Canada Ethics watchdog clears Morneau of accepting gift from WE Charity
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OTTAWA — The federal ethics watchdog has cleared former finance minister Bill Morneau of failing to disclose a gift from WE Charity.
Ethics commissioner Mario Dion accepts that Morneau "genuinely believed" he had paid for the entire cost of two trips he and family members took in 2017 to view WE's humanitarian projects in Ecuador and Kenya.
As soon as Morneau became aware in August that WE had in fact covered $41,000 worth of expenses for the trips, Dion says he reimbursed the charity.
Because he immediately took "the appropriate corrective measures," Dion concludes in a letter to Morneau that the former minister did not accept a gift from WE.
Trudeau Liberals face confidence vote over proposed anticorruption committee
OTTAWA — A dispute over the scope and composition of a House of Commons committee will come to a head today in a vote that could trigger a federal election in the midst of the second deadly wave of COVID-19. Prime Minister Justin Trudeau has declared that the vote on a Conservative motion to create a special anticorruption committee will be a test of confidence in his minority Liberal government. The Conservatives are willing to drop "anticorruption" from the name of their proposed committee but the intent remains the same: to create an opposition-dominated committee to investigate the WE Charity affair and other issues the official Opposition maintains reek of the gov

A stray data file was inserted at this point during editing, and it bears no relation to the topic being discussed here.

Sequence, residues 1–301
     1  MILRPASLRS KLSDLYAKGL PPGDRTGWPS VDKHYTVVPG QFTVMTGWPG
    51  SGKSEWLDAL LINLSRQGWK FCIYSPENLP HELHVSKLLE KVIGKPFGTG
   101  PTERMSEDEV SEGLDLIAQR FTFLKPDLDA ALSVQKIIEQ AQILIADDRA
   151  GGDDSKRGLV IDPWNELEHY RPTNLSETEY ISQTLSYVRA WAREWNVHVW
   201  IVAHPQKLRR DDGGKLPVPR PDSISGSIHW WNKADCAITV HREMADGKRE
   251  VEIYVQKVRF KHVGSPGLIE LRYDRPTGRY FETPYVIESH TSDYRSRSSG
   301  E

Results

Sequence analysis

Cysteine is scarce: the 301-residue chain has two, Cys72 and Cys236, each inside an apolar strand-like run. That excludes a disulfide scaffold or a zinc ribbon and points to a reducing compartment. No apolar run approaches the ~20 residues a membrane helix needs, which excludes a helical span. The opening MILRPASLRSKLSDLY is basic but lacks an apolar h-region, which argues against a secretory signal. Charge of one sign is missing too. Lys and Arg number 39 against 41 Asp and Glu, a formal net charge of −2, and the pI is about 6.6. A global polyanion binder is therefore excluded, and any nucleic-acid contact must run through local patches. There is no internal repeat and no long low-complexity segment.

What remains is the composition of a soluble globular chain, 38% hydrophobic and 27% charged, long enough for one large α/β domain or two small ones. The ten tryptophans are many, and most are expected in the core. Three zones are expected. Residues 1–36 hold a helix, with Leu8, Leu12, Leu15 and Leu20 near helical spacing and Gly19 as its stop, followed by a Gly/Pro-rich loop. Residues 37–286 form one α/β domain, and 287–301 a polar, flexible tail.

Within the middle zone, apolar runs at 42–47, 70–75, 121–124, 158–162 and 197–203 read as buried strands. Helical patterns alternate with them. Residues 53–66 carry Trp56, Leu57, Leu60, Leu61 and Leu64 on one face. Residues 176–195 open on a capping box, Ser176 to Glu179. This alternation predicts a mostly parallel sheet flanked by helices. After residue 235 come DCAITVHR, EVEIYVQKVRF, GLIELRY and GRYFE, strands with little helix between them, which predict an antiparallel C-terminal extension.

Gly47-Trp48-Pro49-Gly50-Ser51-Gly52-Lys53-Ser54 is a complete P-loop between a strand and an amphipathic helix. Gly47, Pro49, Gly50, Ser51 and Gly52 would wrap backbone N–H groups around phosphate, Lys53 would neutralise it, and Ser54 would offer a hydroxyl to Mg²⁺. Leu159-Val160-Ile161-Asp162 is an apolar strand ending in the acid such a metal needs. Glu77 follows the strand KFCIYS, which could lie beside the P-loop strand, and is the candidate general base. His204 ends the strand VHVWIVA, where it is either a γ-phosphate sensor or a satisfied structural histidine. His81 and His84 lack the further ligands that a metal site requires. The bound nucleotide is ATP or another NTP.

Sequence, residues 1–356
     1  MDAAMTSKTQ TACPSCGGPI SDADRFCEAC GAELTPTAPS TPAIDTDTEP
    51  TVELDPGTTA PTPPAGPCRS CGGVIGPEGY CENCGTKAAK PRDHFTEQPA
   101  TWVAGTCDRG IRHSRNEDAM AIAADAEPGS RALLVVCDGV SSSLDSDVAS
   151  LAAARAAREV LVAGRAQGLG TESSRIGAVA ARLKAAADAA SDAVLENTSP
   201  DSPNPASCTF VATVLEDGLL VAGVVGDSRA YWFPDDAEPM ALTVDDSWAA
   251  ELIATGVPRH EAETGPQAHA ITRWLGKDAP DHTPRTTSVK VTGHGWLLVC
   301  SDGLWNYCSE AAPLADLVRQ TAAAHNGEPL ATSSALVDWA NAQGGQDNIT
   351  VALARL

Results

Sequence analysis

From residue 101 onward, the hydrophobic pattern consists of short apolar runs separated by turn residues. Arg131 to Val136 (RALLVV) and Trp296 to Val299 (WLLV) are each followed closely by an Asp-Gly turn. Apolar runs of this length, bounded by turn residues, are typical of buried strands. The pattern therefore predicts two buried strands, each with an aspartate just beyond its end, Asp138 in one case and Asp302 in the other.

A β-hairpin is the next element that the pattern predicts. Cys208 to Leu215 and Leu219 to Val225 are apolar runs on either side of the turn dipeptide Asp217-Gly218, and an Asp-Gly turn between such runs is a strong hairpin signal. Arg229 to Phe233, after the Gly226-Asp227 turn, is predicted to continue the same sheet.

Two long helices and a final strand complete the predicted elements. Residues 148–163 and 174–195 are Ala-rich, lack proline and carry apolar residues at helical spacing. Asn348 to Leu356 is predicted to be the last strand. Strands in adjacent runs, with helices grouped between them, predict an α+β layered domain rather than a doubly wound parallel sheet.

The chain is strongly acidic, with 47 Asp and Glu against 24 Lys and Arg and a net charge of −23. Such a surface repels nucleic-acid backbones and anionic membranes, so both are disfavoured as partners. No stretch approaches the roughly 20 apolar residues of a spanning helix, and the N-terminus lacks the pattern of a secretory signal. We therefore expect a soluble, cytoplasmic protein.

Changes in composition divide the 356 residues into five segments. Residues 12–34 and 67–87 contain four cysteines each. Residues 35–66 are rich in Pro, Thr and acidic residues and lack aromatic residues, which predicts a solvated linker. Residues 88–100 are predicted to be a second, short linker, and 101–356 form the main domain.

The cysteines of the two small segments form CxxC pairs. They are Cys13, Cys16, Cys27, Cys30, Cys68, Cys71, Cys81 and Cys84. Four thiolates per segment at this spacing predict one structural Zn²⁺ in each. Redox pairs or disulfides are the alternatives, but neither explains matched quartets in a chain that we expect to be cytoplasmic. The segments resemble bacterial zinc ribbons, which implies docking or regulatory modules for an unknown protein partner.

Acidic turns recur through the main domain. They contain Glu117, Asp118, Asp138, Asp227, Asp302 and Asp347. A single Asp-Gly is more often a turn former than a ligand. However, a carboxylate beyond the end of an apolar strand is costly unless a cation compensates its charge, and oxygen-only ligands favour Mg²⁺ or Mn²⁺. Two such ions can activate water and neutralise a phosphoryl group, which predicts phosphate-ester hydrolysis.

WE's invitation to view the projects was intended to encourage Morneau's wife to donate to the charity, but Dion accepts Morneau's explanation that he was not involved in her subsequent choice to make two large donations through the family foundation.
Dion continues to investigate whether Morneau breached the Conflict of Interest Act by failing to recuse himself from the cabinet decision to pay the charity $43.5 million to manage a since-cancelled student grant program.
This report by The Canadian Press was first published Oct. 29, 2020.
The Canadian Press
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